Addressing topics that transcend borders

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Shobini Iyer

Pleasant Valley students and teachers are committed to increasing the awareness of global issues in young people.

Shobini Iyer, Opinion Editor

In a world flooded with turmoil and uncertainty, young people can be easily overwhelmed. Amid the ongoing Afghan Refugee Crisis, it is now more vital than ever for teens to navigate issues on the other side of the globe.

In the aftermath of the Taliban’s seizure of Afghanistan’s capital, Kabul, a mood of chaos and fear quickly set in. Swaths of Afghans fled the country to escape the militant organization’s rule. As countries continue to experience an influx of refugees, the conflict has inevitably grown closer to home.

According to The Wall Street Journal, as of Sept. 3, 24,000 refugees have been resettled in the United States. World Relief Quad Cities is a member of a nationwide coalition of nine primary resettlement agencies that are accepting Afghan refugees. This local chapter has helped resettle more than 2,500 displaced persons in the Quad Cities since it was established in 1999.

But many are left pondering, “How does this affect me?” 

Being unaware often correlates with being unaffected. Many struggle to find a personal connection to an issue that is seemingly irrelevant to their lives as American high schoolers who already have enough on their plate. Perhaps the event is too demoralizing, and they feel powerless. 

Unfortunately, matters discussed in the classroom are often the extent to which high schoolers become aware of international affairs. Failing to discuss global issues at school—both in the classroom and amongst friends—can have negative implications. After all, part of preparing students for the “real world” is discussing “real world” issues. 

But one English teacher has implemented current events into her curriculum to foster habits of global citizenship. Lynne Lundberg assigns her AP English Language and Composition students a weekly discussion-based assignment that she has coined Friday Forum.

Every Friday, students come prepared to engage in a focused student-led discussion about a particular news article that they may have read ahead of time. Students walk away with a deeper understanding of the world around them as a result of this engaging and informative discussion.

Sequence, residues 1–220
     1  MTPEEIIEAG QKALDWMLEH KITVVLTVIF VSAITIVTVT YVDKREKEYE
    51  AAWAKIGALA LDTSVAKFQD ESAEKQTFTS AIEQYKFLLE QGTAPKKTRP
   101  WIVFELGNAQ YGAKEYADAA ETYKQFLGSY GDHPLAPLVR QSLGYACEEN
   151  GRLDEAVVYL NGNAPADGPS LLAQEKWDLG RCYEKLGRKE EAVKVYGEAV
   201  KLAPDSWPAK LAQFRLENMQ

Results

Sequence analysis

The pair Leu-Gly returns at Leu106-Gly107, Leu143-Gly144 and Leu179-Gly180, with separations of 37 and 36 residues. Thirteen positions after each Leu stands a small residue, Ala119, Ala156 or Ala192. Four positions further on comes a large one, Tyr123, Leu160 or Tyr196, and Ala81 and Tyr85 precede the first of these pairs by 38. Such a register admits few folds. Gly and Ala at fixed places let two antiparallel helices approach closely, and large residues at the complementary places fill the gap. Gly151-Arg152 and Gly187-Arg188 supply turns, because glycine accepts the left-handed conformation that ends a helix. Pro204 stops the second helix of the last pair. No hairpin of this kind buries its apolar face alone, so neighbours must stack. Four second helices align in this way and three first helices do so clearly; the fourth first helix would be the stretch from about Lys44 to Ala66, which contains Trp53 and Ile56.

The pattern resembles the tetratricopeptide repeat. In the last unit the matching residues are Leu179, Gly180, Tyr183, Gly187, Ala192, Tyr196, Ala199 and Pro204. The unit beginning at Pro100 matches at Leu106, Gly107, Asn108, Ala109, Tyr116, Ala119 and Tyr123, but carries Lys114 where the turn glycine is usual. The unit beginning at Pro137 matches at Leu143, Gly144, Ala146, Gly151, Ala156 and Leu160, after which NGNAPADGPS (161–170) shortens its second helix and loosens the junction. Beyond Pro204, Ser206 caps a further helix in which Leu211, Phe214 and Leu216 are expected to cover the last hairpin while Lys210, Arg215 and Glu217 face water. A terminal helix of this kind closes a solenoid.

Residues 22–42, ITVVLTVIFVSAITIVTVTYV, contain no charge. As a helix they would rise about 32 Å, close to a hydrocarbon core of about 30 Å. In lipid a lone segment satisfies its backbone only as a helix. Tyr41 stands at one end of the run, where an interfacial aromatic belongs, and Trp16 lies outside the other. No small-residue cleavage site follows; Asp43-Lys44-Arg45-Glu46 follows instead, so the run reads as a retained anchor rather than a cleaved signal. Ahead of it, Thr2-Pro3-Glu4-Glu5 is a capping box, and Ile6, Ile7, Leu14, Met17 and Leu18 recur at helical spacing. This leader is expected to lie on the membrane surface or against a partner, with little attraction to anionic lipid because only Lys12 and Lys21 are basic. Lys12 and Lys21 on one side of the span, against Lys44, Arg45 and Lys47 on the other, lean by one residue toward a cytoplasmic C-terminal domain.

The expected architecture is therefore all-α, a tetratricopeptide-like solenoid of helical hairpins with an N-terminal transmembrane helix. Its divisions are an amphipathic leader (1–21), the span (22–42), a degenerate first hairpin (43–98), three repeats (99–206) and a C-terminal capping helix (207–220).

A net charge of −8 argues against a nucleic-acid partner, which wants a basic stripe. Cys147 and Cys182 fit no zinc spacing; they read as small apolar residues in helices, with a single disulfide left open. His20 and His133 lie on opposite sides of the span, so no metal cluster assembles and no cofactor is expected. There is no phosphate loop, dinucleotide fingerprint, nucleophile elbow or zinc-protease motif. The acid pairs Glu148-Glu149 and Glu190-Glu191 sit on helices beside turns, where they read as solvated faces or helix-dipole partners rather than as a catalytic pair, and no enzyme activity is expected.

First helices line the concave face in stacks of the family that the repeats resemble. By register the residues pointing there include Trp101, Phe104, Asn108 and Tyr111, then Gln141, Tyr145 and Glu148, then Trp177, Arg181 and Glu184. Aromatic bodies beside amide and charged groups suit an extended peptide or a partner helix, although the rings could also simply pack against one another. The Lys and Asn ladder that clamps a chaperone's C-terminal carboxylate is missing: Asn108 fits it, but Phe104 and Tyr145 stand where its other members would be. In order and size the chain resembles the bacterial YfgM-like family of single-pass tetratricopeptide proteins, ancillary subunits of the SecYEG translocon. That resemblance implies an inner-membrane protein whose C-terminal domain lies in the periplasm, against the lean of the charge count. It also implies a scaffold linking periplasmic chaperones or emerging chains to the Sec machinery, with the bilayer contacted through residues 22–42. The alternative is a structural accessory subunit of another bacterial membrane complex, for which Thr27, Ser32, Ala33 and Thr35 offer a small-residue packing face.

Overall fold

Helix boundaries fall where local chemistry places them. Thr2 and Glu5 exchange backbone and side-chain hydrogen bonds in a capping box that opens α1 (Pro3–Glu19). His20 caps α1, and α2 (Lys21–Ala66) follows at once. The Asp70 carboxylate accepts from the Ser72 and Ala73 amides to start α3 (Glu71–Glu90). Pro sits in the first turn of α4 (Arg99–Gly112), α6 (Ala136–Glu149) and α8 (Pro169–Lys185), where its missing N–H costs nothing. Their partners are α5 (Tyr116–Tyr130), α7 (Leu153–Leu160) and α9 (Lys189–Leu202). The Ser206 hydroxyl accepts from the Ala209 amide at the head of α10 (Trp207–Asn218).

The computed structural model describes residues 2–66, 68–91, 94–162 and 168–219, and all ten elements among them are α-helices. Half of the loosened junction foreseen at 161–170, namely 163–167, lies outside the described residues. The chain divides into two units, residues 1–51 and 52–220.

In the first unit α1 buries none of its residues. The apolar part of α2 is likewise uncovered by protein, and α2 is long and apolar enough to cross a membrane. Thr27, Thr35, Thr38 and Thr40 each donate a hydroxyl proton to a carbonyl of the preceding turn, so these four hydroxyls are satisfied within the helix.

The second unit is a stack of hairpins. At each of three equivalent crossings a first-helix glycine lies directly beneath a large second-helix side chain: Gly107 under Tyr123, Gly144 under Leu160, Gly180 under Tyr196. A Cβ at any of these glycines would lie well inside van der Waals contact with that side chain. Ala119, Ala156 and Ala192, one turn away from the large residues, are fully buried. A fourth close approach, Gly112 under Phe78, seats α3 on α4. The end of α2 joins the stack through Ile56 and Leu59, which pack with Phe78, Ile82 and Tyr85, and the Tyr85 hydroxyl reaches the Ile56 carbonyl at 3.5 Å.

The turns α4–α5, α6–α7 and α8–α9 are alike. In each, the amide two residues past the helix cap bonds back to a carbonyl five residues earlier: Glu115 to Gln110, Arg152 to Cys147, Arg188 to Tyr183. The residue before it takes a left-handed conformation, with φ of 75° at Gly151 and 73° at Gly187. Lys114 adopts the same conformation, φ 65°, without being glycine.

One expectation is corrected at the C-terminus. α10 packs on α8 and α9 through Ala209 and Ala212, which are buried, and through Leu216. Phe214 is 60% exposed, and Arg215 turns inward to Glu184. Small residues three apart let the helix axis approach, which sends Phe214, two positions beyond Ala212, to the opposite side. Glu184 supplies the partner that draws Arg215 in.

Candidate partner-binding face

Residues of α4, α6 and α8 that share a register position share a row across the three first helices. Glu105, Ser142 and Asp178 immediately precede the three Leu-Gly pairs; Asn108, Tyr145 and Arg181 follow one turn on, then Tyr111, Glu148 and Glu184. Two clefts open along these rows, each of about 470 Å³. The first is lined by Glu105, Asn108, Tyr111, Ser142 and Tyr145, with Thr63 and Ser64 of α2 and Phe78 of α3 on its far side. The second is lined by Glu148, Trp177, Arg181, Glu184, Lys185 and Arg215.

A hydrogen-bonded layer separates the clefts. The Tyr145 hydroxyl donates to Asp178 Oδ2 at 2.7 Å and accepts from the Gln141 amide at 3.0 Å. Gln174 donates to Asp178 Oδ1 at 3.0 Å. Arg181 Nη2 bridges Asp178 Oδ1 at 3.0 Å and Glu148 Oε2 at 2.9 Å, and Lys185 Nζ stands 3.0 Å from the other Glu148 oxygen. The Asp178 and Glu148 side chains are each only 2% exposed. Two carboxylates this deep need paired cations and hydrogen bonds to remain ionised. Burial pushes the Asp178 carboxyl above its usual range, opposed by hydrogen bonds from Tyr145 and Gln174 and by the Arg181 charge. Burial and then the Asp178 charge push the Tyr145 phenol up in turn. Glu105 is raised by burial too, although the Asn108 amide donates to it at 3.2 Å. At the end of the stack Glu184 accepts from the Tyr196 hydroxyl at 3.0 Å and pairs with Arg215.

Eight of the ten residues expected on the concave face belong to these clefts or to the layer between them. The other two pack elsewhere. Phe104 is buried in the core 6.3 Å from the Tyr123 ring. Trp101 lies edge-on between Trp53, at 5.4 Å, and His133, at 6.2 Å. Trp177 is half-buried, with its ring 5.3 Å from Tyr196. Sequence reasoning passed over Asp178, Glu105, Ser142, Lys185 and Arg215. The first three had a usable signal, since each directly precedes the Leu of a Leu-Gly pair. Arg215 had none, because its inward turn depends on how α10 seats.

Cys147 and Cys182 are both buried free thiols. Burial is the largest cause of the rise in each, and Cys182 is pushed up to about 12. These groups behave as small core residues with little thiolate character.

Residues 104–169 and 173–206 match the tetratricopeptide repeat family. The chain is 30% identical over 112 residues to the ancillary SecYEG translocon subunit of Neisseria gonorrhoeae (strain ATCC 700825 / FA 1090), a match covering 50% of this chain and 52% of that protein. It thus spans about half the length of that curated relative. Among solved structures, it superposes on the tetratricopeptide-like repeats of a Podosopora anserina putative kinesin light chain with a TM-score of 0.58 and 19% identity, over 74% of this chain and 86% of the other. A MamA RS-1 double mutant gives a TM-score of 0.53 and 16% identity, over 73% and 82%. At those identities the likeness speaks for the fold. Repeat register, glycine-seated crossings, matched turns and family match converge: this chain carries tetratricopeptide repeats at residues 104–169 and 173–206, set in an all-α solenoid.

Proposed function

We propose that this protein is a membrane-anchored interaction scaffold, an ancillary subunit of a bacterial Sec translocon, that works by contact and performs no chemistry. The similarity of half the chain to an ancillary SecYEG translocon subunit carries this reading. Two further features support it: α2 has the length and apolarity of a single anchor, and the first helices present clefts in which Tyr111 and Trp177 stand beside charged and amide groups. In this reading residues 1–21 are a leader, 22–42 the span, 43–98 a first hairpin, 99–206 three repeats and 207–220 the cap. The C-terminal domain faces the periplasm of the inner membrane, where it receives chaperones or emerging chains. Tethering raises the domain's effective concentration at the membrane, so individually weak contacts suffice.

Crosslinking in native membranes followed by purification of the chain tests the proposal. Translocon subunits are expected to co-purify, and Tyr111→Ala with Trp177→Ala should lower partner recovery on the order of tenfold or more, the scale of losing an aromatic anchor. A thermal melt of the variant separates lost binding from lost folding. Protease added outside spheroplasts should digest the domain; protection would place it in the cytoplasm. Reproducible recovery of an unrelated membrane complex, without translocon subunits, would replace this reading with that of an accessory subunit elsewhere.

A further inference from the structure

Junior Pranav Suresh expressed the impact these discussions have had on his world views. “Friday Forums are important because I think as teenagers, we have to be paying attention to the world around us. After high school, when we emerge into the real world, assignments like Friday Forum will have prepared us to become more educated members of society,” he said. 

Being a global citizen means understanding one’s role in a globalized world. It means applying the lessons learned in the classroom in real-world situations. It means creating a better place for future generations. 

Junior Leila Assadi is one of many high schoolers who believes these are qualities all young people are capable of. “Young people have a responsibility to educate themselves about what is going on in the world and the effects it can have,” Assadi stated. “From there, they can work to take action and promote change, but first, they have to know what is going on outside of their circle.” 

She continued, “Simply talking about issues like the Taliban takeover helps reduce the stigma around resettled refugees and creates a more welcoming environment—especially since there is a local refugee shelter in our own community.” 

And many at PV have done exactly that. 

Beyond the realm of school curricula, student-led initiatives have sought to spark conversation about global issues. The Positive Place Club is one of PV’s student-led organizations with a mission to tackle difficult issues. The club meets regularly to discuss topics on both a local and international level and works to create a more welcoming school environment.

Sara Russell, co-advisor of The Positive Place Club and advisor of Students For Political Action, shared why it is rewarding to see so many passionate students about current issues facing not only the school climate but also the world. 

“While it may sound cliche, the youth are the future and are inheriting this country so I think it is vitally important for them to become activists early. High schoolers are uniquely positioned to do this because they are forming their views and opinions and are also just years away from being able to vote,” Russell stated.

Pleasant Valley students and teachers alike are striving towards increased awareness of global issues to adapt to an increasingly interconnected world.